The Last Judgment (Michelangelo)


The Last Judgment (Michelangelo)

Infobox Painting|



backcolor=#FBF5DF
painting_alignment=right
image_size=300px
title=The Last Judgment
artist=Michelangelo
year=1534-1541
type=Fresco
height=1370
width=1200
height_inch=
width_inch =
diameter_cm =
diameter_inch =
city=Vatican City
museum=Sistine Chapel

The "Last Judgment" is a mural by Michelangelo on the altar wall of the Sistine Chapel in Vatican City. It took eight years to complete. Michelangelo began working on it three decades after finishing the ceiling of the chapel.

The work is massive and spans the entire wall behind the altar of the Sistine Chapel. It was executed from 1534 to 1541. The Last Judgment is a depiction of the second coming of Christ and the apocalypse. The souls of humans rise and descend to their fates, as judged by Christ and his Saintly entourage. In striking contrast to previous depictions of this scene, the Saints are not interceding with Christ for mercy on the sinners. Theologically, there is a Lutheran flavor to the painting.

"The Last Judgment" was an object of a heavy dispute between Cardinal Carafa and Michelangelo: the artist was accused of immorality and intolerable obscenity, having depicted naked figures, with genitals in evidence, inside the most important church of Christianity, so a censorship campaign (known as the "Fig-Leaf Campaign") was organized by Carafa and Monsignor Sernini (Mantua's ambassador) to remove the frescoes. When the Pope's own Master of Ceremonies, Biagio da Cesena, said "it was mostly disgraceful that in so sacred a place there should have been depicted all those nude figures, exposing themselves so shamefully," and that it was no work for a papal chapel but rather "for the public baths and taverns," Michelangelo worked da Cesena's semblance into the scene as Minos, judge of the underworld (far bottom-right corner of the painting). It is said that when Cesena complained to the Pope, the pontiff responded that his jurisdiction did not extend to hell, so the portrait would have to remain.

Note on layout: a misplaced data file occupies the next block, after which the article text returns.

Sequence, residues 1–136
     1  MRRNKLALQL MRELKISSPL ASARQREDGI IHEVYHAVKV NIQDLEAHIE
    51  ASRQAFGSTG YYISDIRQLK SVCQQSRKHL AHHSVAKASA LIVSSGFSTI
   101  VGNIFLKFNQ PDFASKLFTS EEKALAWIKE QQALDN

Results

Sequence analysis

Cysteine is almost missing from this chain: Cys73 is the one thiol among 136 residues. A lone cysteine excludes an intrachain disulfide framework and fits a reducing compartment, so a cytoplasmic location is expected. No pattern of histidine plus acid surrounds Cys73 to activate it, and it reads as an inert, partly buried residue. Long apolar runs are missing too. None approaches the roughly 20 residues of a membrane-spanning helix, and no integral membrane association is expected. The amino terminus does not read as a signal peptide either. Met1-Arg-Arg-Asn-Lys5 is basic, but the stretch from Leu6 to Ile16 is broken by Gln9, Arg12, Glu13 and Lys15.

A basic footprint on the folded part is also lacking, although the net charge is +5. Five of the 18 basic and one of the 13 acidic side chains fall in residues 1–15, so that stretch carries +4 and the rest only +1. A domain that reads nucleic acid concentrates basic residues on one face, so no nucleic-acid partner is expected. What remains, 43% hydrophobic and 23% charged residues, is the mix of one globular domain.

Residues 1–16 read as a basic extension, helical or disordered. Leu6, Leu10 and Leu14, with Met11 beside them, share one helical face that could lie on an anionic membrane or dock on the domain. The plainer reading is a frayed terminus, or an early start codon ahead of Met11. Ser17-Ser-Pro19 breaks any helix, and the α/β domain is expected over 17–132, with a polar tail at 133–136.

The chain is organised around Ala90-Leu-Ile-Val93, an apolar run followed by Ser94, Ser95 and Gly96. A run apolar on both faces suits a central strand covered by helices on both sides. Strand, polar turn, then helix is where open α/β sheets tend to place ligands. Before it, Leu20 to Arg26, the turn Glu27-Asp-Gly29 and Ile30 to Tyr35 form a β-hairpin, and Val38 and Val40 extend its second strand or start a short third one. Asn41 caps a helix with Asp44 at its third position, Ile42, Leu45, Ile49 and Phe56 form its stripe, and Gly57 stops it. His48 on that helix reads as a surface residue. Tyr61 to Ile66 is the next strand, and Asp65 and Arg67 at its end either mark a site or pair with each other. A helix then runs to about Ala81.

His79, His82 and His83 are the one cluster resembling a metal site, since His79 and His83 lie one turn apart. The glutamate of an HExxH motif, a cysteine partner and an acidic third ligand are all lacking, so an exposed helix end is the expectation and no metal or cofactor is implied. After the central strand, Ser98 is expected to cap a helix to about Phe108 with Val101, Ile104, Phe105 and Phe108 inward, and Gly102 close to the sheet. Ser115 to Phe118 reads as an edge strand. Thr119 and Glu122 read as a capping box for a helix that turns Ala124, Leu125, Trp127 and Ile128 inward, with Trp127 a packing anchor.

The genitalia in the fresco were later covered by the artist Daniele da Volterra, whom history remembers by the derogatory nickname "Il Braghettone" ("the breeches-painter").In the painting, Michelangelo does a self portrait depicting himself as St. Bartholomew after he had been flayed (skinned alive) This is reflective of the feelings of contempt Michelangelo had for being commissioned to paint "The Last Judgement".cite web|url= http://www.crucifixion.com/visual/theology/johndixon/terror.htm|title=The Terror of Salvation: The Last Judgment |accessdate = 2007-08-01|author=Dixon, John W. Jr]

Restoration

The fresco was restored in 1993 under the supervision of curator of the Vatican Museum Frabrizio Mancinelli. The illustration reflects the restoration.The figure of St. Bartholomew depicts the satirist and erotic writer Pietro Aretino who had tried to extort a valuable drawing from Michelangelo. He holds the painter's flayed skin as a symbol of attempted victimization.

olar Symbolism

Apart from its technical mastery, the painting is noted for its radical departures from traditional depictions of the Last Judgement. In particular, firstly, the overall structure seems to swirl around Christ at the centre, replacing the traditional pattern of horizontal layers depicting heaven, earth and hell; and secondly, the figure of Christ himself, beardless and muscular, surrounded by light, which has often been compared to the classical sun-god Apollo. One week before commissioning the work, Pope Clement VII is known to have been studying the new heliocentric cosmology of Copernicus. There seems a real possibility that the painting is in part as an allegory of the new cosmology, with Christ as the sun in the centre of the universe. [citation | first= V. |last=Shrimplin | title = Michelangelo and Copernicus: A Note on the Sistine "Last Judgement "| journal = Journal for the History of Astronomy | page=p. 156 | volume = 31 | year = 2000| url = http://adsabs.harvard.edu/abs/2000JHA....31..156S. See also citation | first= V. |last=Shrimplin | title = Sun Symbolism and Cosmology in Michelangelo's Last Judgement | publisher = Truman State University Press | place = Kirksville| year = 1999.]

References


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